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Track(s) taken from CDA67967

Arabesque No 1 in G flat major 'Filigran', Op 5

composer
1900

Piers Lane (piano)
Studio Master FLAC & ALAC downloads available
CD-Quality:
Studio Master:
CD-Quality:
Studio Master:
Recording details: June 2012
Potton Hall, Dunwich, Suffolk, United Kingdom
Produced by Rachel Smith
Engineered by Ben Connellan
Release date: September 2013
Total duration: 2 minutes 57 seconds

Cover artwork: Portrait of Piers Lane by John Beard (b1943)
www.johnbeardart.com
 
1

Reviews

'This superbly recorded disc (played on a gorgeously voiced Steinway) is Lane's love letter to the piano. I wish more pianists would share their guilty pleasures like this' (Gramophone)

'Lane in wonderful, debonair mode here, sparkling through a personal encore selection from Jamaican Rumba to a Toccata by his own father, and from Myra Hess to Dudley Moore' (BBC Music Magazine)

'Puts smiles on our faces and tears in our eyes … Katharine Parker's Down Longford Way grows from an Ivor Novello-like charm into an opulently Romantic piece of striking contrast and colour, indeed the perfect choice with which to launch the disc. The playing throughout is first-class: witty where it needs to be, reflective and joyous elsewhere … Lane is a dynamic, insightful pianist who is able to bring a new perspective to the repertoire. His renditions of the Grainger and Bach / Hess pieces are quite beautiful, and in Mayerl's Marigold I can hardly imagine a more heartfelt account' (International Record Review)

'Piers Lane, one of the most versatile pianists around, presents many sides of himself in a selection of pieces that may seem topsy-turvy, incongruous even, but there are some wonderful and brilliant things here to be re-united with or discovered, and each piece is superbly played, with complete identification, and beautifully recorded too—just like a piano should sound, with all of Lane’s colours, dynamics and inflections faithfully relayed' (ClassicalSource.com)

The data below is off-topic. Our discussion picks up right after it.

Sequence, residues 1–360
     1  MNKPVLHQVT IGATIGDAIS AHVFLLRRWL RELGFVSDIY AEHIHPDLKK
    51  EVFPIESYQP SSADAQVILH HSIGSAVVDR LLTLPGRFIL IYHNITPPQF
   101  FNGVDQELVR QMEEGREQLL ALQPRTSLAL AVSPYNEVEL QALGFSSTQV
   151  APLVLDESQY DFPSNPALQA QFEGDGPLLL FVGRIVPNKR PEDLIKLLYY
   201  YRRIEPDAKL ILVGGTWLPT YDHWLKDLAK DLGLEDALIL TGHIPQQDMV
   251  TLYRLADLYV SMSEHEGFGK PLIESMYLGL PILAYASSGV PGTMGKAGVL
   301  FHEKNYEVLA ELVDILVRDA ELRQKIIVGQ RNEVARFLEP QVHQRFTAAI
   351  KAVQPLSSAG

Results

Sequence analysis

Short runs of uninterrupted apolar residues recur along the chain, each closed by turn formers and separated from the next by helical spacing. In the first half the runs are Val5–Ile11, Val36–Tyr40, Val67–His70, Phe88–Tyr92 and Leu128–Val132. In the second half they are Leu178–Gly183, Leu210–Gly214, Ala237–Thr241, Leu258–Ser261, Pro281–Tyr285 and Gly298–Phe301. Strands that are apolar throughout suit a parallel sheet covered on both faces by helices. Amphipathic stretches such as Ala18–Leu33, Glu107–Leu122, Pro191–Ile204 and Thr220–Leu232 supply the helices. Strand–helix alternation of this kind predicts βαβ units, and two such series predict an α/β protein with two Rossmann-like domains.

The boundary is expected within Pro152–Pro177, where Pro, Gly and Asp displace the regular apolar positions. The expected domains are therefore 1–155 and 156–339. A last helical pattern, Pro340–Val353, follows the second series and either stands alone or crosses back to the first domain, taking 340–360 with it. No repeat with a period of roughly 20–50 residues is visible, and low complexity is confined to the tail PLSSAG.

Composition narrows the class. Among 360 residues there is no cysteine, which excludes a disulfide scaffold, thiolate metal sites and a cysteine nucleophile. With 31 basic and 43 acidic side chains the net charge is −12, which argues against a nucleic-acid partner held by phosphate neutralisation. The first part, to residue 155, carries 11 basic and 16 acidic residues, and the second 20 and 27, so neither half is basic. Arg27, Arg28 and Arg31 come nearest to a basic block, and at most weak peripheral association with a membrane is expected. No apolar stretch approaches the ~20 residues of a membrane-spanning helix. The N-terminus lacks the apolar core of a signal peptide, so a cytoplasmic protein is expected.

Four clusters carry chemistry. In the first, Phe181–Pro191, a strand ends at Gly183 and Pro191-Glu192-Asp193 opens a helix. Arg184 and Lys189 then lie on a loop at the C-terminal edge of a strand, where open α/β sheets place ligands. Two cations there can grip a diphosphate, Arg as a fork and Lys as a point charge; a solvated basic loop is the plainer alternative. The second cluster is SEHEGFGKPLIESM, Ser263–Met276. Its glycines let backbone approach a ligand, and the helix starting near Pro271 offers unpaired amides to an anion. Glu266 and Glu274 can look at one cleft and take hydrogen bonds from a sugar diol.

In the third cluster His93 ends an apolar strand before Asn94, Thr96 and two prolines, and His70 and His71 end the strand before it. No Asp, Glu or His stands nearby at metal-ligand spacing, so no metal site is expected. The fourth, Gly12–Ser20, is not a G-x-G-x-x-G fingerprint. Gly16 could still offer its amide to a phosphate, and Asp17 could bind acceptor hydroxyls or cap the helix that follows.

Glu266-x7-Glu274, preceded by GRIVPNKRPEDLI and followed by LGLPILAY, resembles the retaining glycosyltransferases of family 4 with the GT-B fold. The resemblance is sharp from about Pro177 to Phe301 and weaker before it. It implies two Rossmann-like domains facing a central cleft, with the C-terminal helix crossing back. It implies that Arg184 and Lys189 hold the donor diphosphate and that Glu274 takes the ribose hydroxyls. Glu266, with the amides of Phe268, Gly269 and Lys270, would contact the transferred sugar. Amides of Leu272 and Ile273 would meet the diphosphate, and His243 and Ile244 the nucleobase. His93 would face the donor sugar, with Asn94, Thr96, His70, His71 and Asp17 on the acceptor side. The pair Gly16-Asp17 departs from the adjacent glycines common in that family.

It was my second piano teacher (the first being my mother), Dr William Lovelock of harmony and counterpoint textbook fame, who introduced me to the music of Sigfrid Karg-Elert (1877–1933) when I was twelve, through the Arabesque No 1 in G flat major ‘Filigran’, Op 5. Its gentle, elegant line and sympathetic pianism still touch me. It was written in 1900, an early work in an output primarily associated with the organ and, unusually, the harmonium, for which Karg-Elert remains the pre-eminent composer, with over a hundred works exploring its vast timbral resources. He was educated in the Leipzig Conservatory, where in 1919 he succeeded Max Reger as lecturer in theory and composition. Along with Reger, he ranks as one of the most important organ composers of the twentieth century. His own teachers included Carl Reinecke and Robert Teichmüller, but he was greatly encouraged by Edvard Grieg, whose music he hugely admired, along with that of Bach, Debussy, Scriabin and early Schoenberg. His thirty Caprices for flute were composed as exercises to keep a flautist friend occupied when he went off for active war service, but are still in use by young flute students everywhere.

from notes by Piers Lane 2013

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